Originally published in 2018 by Black Shuck Books as part of their Signature Novellas line and just recently repackaged with a brand new cover, weighing in at 226 pages according to the publisher’s website, Dead Leaves by Andrew David Barker could easily pass muster as a short novel, while short chapters and snappy prose make it a fast read.
The book is set in Derby in October 1983, when Mary Whitehouse and her Festival of Light were in the ascendant, with censorship and video nasties in the forefront of national politics. Protagonist Scott and best mate Paul are horror fanatics, with the video rental shop as their home away from home, and the duo’s Holy Grail is to obtain a copy of banned tape The Evil Dead. A chance to get the video comes up, but it will cost them sixty quid, and as neither has a job (a source of distress to Scott’s parents) this won’t be easy. And, of course, the police take a very dim view of their ambition.
The video nasty furore makes for an interesting background, a political and intellectual climate that will be of intense interest to all horror fans. I’m not sure that Barker pitches the argument fairly. Though there’s little evidence for their being great thinkers, his heroes become strangely articulate when it comes to defending their freedom to watch horror films, while the spokespeople for the other side of the argument are comic cut out figures like the ridiculous and self-righteous bully Moir and Paul’s hypocritical brother Constable Carl, with his sucking up to superior officers (to be fair, I’d have a hard time coming up with any sensible arguments for the censorship lobby, though I’m sure there must be some, or at least something more credible than we get here). And the book’s ending felt a bit like wish-fulfilment, though I’m happy to be proved wrong by anyone who knows of similar occurrences in real life.
At bottom this is a quest story, with side journeys to pad out the story. We have the love triangle, such as it is, between Scott and friends Lindsay and Mark; we have some fisticuffs courtesy of two bullies straight out of the Stephen King play book, and we have the pressure on Scott from parents and society to conform and get a job. It’s the latter that gives the book a moral depth, even more so than the arguments pro and con censorship. Scott and Paul see themselves as trapped, fated to life in a dead end job in a dead end town. For them both, horror provides an alternative world view, in Paul’s case as both an encapsulation of and distraction from his problems, while for Scott with his dream of film making it offers an escape route. And on this score, the author and his characters seem to be speaking for so many of us who are enthralled by the horror genre, articulating that love in a way that touches to the heart of who we are.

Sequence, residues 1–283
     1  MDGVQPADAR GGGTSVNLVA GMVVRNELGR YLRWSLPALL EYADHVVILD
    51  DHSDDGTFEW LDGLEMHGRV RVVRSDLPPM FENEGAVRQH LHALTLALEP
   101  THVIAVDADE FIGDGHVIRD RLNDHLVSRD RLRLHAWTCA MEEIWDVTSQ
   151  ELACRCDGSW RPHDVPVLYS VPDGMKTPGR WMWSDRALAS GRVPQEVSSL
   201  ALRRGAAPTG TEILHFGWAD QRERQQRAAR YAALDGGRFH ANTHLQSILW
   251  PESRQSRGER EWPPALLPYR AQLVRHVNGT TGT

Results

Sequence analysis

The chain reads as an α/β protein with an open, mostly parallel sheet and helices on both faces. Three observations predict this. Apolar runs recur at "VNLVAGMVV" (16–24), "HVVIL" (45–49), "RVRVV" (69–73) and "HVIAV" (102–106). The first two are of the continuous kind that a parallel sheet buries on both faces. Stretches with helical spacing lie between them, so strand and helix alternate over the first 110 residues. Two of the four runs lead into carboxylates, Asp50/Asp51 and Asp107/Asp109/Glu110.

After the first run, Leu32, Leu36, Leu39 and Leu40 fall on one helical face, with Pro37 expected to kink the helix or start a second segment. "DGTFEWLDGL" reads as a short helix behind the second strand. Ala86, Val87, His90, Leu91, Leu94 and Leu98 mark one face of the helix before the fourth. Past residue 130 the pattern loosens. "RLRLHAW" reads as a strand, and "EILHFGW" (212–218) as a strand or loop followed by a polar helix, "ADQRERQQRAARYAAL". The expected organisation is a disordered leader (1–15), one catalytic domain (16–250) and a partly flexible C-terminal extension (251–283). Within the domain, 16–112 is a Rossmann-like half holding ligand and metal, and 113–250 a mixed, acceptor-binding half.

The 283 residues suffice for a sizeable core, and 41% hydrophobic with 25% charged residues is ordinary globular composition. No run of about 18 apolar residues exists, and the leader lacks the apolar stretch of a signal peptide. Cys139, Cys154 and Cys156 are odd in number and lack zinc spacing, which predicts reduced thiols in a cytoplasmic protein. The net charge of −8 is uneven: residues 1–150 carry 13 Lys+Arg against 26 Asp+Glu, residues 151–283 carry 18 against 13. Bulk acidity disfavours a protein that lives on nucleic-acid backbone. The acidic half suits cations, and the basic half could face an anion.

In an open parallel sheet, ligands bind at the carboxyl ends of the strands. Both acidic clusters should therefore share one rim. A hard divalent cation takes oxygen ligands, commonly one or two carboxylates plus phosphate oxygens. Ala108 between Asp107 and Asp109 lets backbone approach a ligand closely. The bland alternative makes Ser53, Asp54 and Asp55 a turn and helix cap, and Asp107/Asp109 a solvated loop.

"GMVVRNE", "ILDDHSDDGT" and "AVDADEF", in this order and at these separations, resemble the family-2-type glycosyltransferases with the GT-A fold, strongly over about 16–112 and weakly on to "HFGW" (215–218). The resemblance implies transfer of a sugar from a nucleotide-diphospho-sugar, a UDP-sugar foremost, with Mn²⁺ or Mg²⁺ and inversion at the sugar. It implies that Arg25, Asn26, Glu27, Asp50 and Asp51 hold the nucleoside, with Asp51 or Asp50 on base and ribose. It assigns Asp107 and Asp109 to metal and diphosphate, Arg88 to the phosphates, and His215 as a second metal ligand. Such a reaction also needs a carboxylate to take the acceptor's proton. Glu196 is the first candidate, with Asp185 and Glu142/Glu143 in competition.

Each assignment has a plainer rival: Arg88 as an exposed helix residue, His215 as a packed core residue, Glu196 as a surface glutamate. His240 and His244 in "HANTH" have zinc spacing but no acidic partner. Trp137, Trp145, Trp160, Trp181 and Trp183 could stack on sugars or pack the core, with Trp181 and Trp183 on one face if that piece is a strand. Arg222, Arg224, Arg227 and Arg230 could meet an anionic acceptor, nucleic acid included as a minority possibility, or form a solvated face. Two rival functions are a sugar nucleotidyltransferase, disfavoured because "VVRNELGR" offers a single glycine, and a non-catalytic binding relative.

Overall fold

The characters are well drawn, with Barker shying away from political correctness in the figure of Paul, whose views on women in general and Lindsay in particular leave much to be desired; Scott is made uncomfortable by the sexist garbage that comes out of his friend’s mouth but feels unable to argue the point. It’s probably a realistic depiction, though we could wish otherwise. Scott is in many ways the Everyman as young man, conflicted and trying to do the right thing, driven by raging hormones and peer pressure. hoping for a better life than the one his parents have known, both in love and at loggerheads with his father. On the other side of the gender divide, Lindsay is the most grown up and competent person in the whole book, the one who has a seriousness and independence that the others can only wish for.
I felt mildly cheated at the end in that we discovered what the future held for Scott and Mark (and by inference Lindsay), but not for Paul. A mild quibble, and one that does not in any way detract from the fun of this book. Barker gives us a story that is never less than entertaining, at the same time mounting an eloquent argument for the horror film itself as pure escapism while also espousing its value as a serious art form, video nasties and all, and tackling issues of censorship and freedom of expression along the way. Highly recommended.